New York's Cooperative and Condominium Community
Senior Partner, Borah Goldstein Altschuler Nahins & Goidel
What it is. Common interest privilege is a legal concept that can protect a board member who makes certain statements about others and is drawn into court over them. The privilege is applicable in situations where a board member may have a moral, legal, or ethical duty to make certain disclosures and the audience that they are communicating to has a right or a need to hear this information. But it does not protect a board member from statements made with actual malice.
When you’re protected. As an example, let’s say board members are interviewing a prospective purchaser. After the interview, the board is discussing the prospect, and someone says something negative about the potential purchaser. If, for some reason, the board was taken to court by the prospective purchaser, so long as the statement does not violate any human rights laws, the statement would be protected by the common interest privilege. But if the statement was made by a board member to someone who is not part of the cooperative or condominium community, the statement would not be protected by the privilege.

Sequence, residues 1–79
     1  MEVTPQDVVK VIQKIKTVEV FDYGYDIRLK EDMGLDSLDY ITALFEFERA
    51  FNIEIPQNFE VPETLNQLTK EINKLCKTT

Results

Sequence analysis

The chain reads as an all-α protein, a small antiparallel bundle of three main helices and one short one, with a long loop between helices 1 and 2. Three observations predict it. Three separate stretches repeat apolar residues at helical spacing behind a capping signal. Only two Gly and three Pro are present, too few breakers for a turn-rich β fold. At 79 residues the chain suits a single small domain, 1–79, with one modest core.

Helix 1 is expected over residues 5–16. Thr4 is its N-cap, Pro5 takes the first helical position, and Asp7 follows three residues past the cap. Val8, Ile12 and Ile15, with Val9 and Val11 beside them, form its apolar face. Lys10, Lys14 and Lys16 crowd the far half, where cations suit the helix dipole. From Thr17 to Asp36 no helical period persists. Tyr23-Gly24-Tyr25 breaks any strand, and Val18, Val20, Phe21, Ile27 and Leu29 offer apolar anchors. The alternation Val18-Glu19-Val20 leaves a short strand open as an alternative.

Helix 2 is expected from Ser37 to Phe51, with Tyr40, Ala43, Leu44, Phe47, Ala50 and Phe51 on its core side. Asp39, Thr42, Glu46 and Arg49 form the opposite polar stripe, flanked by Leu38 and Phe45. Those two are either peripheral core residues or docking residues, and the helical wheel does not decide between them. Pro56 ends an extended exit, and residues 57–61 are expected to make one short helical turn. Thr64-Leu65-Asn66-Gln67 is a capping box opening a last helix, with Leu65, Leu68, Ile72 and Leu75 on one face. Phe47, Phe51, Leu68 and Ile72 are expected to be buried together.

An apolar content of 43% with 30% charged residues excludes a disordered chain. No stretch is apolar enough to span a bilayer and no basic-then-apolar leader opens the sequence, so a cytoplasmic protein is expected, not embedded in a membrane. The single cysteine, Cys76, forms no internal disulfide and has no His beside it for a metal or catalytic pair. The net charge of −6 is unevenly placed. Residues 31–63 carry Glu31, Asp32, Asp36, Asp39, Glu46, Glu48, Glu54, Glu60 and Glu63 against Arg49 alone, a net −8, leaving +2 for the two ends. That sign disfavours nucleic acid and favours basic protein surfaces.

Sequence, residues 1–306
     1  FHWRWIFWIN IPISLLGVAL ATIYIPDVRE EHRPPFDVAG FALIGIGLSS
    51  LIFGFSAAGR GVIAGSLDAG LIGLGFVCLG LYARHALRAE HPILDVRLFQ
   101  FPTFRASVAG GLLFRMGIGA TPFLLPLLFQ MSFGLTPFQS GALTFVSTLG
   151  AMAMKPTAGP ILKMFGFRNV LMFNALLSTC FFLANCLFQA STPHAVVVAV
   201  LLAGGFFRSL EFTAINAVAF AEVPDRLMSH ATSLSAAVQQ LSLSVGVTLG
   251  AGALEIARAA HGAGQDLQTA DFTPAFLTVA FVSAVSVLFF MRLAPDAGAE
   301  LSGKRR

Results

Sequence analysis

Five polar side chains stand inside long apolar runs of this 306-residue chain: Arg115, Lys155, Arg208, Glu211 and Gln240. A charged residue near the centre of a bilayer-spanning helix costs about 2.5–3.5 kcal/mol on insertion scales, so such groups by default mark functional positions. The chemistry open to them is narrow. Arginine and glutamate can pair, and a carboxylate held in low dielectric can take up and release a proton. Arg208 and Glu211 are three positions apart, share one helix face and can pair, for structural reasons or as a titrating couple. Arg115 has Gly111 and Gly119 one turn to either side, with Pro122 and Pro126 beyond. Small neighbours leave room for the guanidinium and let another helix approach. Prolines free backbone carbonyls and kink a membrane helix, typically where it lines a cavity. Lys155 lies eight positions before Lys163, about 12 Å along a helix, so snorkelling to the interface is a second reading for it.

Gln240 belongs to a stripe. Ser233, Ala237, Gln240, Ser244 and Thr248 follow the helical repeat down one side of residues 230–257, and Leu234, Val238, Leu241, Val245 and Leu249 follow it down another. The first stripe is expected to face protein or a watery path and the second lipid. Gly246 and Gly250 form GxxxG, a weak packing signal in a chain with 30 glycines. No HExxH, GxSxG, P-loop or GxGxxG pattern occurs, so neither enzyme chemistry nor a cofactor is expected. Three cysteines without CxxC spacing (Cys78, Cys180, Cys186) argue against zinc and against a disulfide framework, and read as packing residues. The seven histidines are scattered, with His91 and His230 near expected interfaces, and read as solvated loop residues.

Why this is important. If a board member is sued over a statement which is alleged to be defamatory, the board’s D&O insurance carrier will defend the board member. But dependent upon a variety of considerations, including common interest privilege, a board member may be responsible for damages. If a board member did something in good faith but made a mistake, there will likely be coverage for the mistake. But if the board member committed an intentional act that could have been avoided, the D&O insurance carrier will likely provide a legal defense but not cover an award of damages.
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